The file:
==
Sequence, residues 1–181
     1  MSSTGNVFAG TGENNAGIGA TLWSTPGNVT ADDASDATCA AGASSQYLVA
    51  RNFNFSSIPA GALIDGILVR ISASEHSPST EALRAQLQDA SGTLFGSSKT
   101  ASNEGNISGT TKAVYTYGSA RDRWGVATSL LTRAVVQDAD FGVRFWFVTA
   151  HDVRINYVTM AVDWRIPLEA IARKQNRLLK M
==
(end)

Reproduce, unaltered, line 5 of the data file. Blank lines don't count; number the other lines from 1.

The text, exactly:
   151  HDVRINYVTM AVDWRIPLEA IARKQNRLLK M